Monday, April 25, 2011

Green Cartoons

So I just realized I did not do a post last Friday, which happened to be the 40th Earth Day. I was a little busy last week with looking for apartments, but I found some funny stuff for you today. I found these at Today's Cartoon by Randy Glasbergen.

This fits right up my alley. Here's another great one:

I found these at other sites.

This one is by Natalie Dee. She has some pretty funny cartoons.

Friday, April 22, 2011


One of my awesome roommates gave me this idea for today, involving both our favorite shoes, Converse and their ReUSE A SHOE program.

Converse and Nike are coming together on this one and having people recycle their old athletic shoes to help make new basketball courts, playgrounds, and tracks. You can recycle your shoes at Converse stores, but they can only be athletic shoes, everything else can't be recycled into the new courts and playgrounds.

I think this is a great idea and way to lessen the amount of stuff in landfills.

This is how it works:

After shoes are dropped off, they are transported to facilities, where each shoe is cut into three slices – rubber outsole, foam midsole and fiber upper. These slices are then fed through grinders and purified. The result is three high-quality Nike Grind materials ready to be put back in the game:
  • Nike Grind Rubber – made from the shoe’s outsole and used in track surfaces, interlocking gym flooring tiles and playground surfaces.
  • Nike Grind Foam – made from the shoe’s midsole and used as cushion for outdoor basketball and tennis courts, as well as futsal fields.
  • Nike Grind Fiber – made from the shoe’s fabric upper and used in the creation of cushioning pads for facilities like indoor synthetic courts and wood courts.
To create these surfaces, Converse partners with Nike and top-quality surfacing companies, providing them with Nike Grind material and working together to develop innovative sports surfaces.

What do you think about that? Wouldn't it be awesome to know that your shoes could be a part of the surface of the next playground in your neighborhood? Talk about a way to be a part of a cause!

Monday, April 18, 2011

The Trash Fashion Show!!

It finally came...the Trash Fashion Show in Seattle by The RE Store. I waited so long for it to come and now, it's already over. I had blast though! It was my first ever fashion show and I want to go back next year.

The theme for the fashion show was "Plastic Pollution." All the designers made their garments out of plastic materials that can't be recycled. Sadly I don't have my pictures uploaded on my computer yet, but you can check out one of the photographer's website and see all the amazing pieces. Go here: (If after you are done with those pictures and you click on the "More Photos!!!!" link, you can check out some of the behind the scenes stuff and just might see a picture of me on there! And if you are counting, I'm picture #25. You will also see some amazing people that I worked with to make this show happen from The RE Store in Seattle.)

What I want to do is show you my top 5 favorite dresses though from And here they are:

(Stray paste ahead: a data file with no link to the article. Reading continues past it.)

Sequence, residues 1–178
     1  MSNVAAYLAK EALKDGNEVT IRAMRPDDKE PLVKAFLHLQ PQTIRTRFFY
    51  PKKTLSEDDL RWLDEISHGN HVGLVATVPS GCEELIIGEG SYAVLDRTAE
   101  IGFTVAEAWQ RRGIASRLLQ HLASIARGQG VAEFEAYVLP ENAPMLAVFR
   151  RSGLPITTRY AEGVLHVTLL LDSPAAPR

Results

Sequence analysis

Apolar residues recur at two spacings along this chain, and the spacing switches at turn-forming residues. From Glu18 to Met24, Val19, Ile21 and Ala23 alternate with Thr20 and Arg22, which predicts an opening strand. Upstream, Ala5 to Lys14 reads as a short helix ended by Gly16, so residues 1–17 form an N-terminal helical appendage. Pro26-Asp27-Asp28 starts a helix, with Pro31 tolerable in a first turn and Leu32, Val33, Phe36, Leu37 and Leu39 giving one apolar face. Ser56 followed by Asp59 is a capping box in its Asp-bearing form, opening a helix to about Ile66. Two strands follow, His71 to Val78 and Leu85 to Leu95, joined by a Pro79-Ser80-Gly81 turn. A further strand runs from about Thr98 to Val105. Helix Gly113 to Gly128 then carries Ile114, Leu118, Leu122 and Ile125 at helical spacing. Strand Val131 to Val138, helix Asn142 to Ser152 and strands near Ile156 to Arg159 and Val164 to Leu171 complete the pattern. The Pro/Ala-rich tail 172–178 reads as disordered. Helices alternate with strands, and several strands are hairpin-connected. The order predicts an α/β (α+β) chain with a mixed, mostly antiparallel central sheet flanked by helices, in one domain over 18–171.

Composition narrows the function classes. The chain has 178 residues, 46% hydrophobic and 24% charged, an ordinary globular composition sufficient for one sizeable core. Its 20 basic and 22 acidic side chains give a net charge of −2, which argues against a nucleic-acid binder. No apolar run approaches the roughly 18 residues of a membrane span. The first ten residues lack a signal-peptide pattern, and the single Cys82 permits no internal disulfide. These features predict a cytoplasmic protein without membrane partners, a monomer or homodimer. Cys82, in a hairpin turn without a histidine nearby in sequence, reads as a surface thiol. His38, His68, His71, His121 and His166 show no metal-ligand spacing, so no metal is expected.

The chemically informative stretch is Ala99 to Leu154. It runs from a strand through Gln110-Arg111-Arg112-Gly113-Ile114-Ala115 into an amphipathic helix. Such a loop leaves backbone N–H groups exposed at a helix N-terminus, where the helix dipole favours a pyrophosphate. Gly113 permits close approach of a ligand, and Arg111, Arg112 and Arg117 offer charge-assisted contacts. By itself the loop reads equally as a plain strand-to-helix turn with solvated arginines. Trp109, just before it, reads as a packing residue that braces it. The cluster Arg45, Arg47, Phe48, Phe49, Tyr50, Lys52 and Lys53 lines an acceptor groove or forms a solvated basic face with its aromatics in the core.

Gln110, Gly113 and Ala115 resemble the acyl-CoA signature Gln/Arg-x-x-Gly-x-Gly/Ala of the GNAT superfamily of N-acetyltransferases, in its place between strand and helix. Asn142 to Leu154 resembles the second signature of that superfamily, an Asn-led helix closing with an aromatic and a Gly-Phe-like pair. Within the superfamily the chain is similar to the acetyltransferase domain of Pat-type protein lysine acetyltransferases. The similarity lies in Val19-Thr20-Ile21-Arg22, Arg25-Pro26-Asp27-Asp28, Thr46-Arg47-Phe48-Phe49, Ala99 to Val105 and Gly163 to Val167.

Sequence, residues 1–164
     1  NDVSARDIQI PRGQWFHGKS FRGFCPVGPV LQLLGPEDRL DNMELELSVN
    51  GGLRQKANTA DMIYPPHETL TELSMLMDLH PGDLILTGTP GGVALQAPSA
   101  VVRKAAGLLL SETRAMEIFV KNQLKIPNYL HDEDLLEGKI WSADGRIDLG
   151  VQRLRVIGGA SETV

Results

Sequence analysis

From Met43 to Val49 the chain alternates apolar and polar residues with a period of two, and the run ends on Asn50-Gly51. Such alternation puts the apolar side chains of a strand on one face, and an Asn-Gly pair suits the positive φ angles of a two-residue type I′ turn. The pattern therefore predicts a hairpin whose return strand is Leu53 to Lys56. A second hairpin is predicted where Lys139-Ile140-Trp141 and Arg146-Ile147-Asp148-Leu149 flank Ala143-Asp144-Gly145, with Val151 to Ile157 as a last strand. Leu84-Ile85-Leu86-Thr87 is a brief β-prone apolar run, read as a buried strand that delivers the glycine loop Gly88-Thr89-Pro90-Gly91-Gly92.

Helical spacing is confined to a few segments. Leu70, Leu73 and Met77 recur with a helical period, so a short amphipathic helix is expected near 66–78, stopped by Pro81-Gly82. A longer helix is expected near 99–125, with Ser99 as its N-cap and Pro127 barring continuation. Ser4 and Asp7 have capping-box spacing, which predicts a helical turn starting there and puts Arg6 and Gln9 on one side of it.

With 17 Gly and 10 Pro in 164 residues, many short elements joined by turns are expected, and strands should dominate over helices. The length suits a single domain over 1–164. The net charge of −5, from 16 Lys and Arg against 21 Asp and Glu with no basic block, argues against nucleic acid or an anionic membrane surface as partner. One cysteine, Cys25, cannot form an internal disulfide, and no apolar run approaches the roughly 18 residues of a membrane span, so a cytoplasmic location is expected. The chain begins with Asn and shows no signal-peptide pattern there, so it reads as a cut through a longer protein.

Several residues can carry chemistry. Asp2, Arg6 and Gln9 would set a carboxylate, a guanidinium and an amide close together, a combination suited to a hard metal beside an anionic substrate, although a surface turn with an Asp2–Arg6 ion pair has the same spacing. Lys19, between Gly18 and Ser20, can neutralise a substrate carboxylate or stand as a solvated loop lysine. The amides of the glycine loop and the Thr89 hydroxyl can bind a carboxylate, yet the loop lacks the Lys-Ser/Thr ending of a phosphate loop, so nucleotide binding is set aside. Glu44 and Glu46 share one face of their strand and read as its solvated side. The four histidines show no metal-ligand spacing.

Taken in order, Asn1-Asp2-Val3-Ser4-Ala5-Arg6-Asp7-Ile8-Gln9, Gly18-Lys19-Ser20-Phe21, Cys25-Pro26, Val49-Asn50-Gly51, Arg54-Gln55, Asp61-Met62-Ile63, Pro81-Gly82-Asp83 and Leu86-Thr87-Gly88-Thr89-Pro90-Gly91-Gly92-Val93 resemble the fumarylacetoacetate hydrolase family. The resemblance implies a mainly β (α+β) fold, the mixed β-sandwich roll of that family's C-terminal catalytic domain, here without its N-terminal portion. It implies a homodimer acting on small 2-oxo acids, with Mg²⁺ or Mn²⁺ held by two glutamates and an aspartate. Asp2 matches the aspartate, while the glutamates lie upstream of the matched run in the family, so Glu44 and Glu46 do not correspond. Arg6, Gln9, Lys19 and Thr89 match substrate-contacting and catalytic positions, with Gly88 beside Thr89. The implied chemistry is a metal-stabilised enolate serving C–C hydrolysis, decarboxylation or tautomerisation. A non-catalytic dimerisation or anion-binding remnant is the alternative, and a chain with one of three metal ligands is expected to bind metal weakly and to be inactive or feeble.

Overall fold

1. Don't Flip Your Lid by Diane Kurzyna (aka Ruby Reusable)

 *This dress is made out the lids from the Red Robin kids cups

2. Mail Order Bride by Cindi Brooks and modeled herself

*This is made out of packaging materials. I talked to the designer's friend and she said that it only took Cindi 2 weeks to make this dress!

3. Marriage of Inconvenience by Rebecca Maxim

* This dress is made out the wrappers from the HIV medications. She was also helping with the awareness of HIV and what an inconvenient marriage it is with the medication.

4. Royal Mail by Mary Welch

*This dress is also made of packaging materials. They also have a cute pair of "underwear" (if you want to call them that) to match.

5. Cat on a Hot Red Carpet  by Tamara Adlin

* This dress was made entirely out of cat treat bags, head piece included! There is just unbelievable detail with this dress and being made out of cat treat bags.

 6. Haute Cature by "Kitty Liture" and "Juene K Reuse"

*Alright, so you get a bonus picture! This dress also has unbelievable detail since it is also made out of cat food bags.

Like I said before, go to to check out the rest of the pictures from the show! Let me know what your favorites are!

Friday, April 15, 2011

The Budweiser House & other Recycled Homes

So you have to watch this video. This guy, Dan Phillips, makes houses out of recycled materials. One house in particular, he was inspired by the Budweiser can. In the bathroom, the tub resembles a  glass of beer with bubbles going up the tile side. The faucet for this tub, is an actual beer tap!

He goes on to talk about why he does what he does. He is motivated by the fact that things don't need to be perfect and that people need to stop wasting what doesn't fit in an expectation. In all of his houses, he features all of the broken, warped and imperfect pieces that no longer fit in some people's "perfect" world.

One thing he talks about is how we are pretty much never satisfied with what we have because there are always products made that have one little thing that is different from what we have. Our satisfaction is creating more of a need for satisfaction. Take for example, cell phones. People buy them every two years because they aren't what we currently have. The main purpose of a phone is to make phone calls, not to have all these other gadgets, but that's what we have and what we are trained to want.

What do you think about this video?

Wednesday, April 13, 2011

The Smallest Homes

Well what I'm talking about here is the smallest apartment, but is the most function too for its space. This apartment is in Hong Kong, China. (Go here to watch the video and others. I couldn't get the video to show up in my blog.)

Anyway, Gary Chang designed his apartment to be the most efficient in its small state. Everything in his apartment is collapsible or slides out from the walls. He said "Everything moves for me," which it does. His kitchen is behind his TV, which behind that is his washer and dryer; his couch is underneath his bed; and his bathtub is behind his dresser, which is behind the CD/DVD case. Everything is on tracks on the ceiling and wheels on the floor. He even has enough room for a projector screen the size of his living room window to watch movies on while relaxing in a hammock.

Here are the different variations he can have his apartment in. There is a total of 24 ways of how he can utilize his apartment.